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Several extrinsic factors, like drugs and chemicals, can foster autoimmunity. Tetracyclines, in particular oxytetracycline (OTC), appear to correlate with the emergence of immune-mediated diseases. Accumulation of OTC, the elective drug for gastrointestinal and respiratory infectious disease treatment in broiler chickens, was reported in chicken edible tissues and could represent a potential risk for pets and humans that could assume this antibiotic as residue in meat or in meat-derived byproducts. We investigated the in vitro anti-inflammatory properties of a pool of thirteen botanicals as a part of a nutraceutical diet, with proven immunomodulatory activity . In addition, we evaluated the effect of such botanicals in contrasting the in vitro proinflammatory toxicity of OTC. Our results showed a significant reduction in interferon- (INF-) γ production by human and canine lymphocytes in presence of botanicals ( p ⁎ < 0.05 ). Increased INF- γ production, dependent on 24-hour OTC-incubation of T lymphocytes, was significantly reduced by the coincubation with Haematococcus pluvialis , with Glycine max , and with the mix of all botanicals ( p ⁎ < 0.05 ). In conclusion, the use of these botanicals was shown to be able to contrast OTC-toxicity and could represent a new approach for the development of functional foods useful to enhance the standard pharmacological treatment in infections as well as in preventing or reducing the emergence of inflammatory diseases.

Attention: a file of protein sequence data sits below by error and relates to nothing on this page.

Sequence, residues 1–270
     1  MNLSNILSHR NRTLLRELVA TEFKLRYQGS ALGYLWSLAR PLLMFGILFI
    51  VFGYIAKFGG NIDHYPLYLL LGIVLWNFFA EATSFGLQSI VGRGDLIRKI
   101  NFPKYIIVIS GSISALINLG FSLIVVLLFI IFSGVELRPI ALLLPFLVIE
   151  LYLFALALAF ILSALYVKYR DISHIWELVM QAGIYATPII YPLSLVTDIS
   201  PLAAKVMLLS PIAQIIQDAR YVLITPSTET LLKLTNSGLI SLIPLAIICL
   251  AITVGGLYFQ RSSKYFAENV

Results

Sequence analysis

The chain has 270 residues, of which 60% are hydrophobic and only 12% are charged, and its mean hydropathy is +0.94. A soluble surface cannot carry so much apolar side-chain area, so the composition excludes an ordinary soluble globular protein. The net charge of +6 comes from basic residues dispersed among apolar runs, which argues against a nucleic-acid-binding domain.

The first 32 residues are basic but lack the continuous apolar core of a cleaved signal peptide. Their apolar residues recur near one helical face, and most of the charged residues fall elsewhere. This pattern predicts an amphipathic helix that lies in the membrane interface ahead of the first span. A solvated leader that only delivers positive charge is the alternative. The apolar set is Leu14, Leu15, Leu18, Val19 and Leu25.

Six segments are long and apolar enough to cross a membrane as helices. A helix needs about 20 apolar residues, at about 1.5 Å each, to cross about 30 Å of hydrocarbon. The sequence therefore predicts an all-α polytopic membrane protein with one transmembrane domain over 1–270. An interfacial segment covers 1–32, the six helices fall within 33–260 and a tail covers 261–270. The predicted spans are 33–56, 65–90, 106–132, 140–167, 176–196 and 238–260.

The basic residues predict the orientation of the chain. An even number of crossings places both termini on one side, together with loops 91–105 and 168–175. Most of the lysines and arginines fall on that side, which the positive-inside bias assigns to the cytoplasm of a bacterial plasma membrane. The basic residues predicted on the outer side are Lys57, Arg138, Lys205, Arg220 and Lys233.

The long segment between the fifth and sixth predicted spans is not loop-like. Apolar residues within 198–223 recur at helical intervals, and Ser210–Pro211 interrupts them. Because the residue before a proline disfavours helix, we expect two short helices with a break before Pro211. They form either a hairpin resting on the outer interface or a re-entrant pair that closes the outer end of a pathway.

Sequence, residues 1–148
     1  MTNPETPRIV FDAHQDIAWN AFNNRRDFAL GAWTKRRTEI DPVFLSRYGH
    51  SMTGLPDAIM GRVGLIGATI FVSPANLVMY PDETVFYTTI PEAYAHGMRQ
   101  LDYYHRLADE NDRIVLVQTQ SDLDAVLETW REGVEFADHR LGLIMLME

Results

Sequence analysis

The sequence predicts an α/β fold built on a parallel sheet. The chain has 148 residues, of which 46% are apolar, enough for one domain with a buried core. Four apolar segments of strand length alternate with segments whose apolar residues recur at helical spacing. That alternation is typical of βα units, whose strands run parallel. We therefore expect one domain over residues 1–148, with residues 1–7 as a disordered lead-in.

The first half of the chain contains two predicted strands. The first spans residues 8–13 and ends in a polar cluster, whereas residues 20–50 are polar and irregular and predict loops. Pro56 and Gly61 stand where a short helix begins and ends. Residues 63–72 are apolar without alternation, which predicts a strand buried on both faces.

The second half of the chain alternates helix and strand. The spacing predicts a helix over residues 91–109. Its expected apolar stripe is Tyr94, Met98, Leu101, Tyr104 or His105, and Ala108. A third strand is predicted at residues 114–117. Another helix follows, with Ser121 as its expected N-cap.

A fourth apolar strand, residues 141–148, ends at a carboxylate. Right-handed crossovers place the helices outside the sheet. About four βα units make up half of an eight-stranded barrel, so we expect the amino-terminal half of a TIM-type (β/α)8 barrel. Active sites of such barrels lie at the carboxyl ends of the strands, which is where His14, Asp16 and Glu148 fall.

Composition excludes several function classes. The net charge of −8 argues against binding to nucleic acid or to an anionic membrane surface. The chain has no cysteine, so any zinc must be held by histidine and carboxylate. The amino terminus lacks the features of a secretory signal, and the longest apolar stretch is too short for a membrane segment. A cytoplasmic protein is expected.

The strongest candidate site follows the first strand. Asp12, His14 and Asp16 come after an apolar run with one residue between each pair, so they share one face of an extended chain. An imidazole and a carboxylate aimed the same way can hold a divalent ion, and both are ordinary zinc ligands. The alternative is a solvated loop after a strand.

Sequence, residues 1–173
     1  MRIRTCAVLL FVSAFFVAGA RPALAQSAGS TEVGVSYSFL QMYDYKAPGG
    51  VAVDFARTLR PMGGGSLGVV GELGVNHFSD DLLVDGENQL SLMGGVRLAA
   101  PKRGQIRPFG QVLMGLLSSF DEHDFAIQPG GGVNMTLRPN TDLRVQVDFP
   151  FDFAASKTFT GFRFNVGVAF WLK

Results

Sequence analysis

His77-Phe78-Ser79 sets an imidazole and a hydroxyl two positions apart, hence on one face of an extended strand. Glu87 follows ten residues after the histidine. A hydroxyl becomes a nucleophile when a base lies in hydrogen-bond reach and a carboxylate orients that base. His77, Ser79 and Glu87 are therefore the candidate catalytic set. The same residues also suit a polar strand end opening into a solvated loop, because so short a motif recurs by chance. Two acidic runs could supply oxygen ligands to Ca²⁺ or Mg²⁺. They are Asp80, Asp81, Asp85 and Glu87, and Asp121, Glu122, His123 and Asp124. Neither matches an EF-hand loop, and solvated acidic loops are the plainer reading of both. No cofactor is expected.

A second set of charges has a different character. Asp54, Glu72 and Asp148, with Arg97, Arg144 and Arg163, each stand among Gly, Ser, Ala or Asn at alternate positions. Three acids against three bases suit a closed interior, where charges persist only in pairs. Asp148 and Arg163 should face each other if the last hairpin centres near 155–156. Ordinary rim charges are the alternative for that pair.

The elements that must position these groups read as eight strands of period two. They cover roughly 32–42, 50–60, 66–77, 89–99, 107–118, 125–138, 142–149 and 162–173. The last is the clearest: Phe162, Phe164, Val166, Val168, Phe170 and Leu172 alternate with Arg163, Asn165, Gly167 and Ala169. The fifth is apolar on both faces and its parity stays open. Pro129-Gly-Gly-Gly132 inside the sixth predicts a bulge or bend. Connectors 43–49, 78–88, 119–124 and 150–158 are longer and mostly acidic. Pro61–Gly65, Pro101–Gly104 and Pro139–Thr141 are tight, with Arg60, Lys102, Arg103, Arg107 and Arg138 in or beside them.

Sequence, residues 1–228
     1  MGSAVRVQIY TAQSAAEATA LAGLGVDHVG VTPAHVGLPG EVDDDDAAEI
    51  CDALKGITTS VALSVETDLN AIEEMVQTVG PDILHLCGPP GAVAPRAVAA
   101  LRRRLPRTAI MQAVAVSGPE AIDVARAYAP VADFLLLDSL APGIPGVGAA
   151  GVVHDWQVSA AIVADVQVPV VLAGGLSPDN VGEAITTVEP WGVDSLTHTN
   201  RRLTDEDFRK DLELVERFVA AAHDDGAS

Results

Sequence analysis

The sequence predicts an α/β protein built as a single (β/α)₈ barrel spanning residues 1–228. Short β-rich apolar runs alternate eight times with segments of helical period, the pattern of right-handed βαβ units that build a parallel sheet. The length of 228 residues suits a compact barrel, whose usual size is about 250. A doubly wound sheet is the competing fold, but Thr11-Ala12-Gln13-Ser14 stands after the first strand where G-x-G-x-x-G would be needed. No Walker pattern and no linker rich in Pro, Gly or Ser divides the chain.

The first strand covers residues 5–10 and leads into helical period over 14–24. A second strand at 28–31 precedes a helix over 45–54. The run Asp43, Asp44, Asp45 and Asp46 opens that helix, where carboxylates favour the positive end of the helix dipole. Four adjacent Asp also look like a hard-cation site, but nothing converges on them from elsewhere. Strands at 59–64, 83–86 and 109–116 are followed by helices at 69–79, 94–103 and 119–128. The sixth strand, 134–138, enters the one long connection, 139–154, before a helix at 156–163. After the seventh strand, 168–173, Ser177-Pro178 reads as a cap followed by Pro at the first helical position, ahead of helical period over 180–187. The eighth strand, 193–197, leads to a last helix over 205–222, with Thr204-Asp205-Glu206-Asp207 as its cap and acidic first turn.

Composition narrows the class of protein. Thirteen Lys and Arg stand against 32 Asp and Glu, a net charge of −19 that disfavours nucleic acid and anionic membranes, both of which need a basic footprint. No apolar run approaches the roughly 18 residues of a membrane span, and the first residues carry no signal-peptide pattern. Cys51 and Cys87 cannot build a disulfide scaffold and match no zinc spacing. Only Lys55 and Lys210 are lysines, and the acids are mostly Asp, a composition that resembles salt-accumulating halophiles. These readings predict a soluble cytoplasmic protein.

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In dogs, diets are often used to modulate behavioral disturbances related to chronic anxiety and stress caused by intense and restless activity. However, the traditional ways to monitor behavioral changes in dogs are complicated and not efficient. In the current clinical evaluation, a new, simple monitoring system was used to assess the effectiveness of a specific diet in positively modulating the intense and restless activity of 24 dogs of different ages and breeds. This protocol describes how to easily and rapidly evaluate improvement in a set of symptoms related to generalized anxiety by using a specific sensor, a mobile phone app, a wireless router, and a computer. The results showed that dogs treated with specific diets showed significant improvement in the times spent active and at rest after 10 days (p < 0.01 and p < 0.05, respectively). These dogs also showed an overall significant improvement in clinical and behavioral symptoms. A specific sensor, along with its related hardware, was demonstrated to successfully monitor behavioral changes relating to movement in dogs.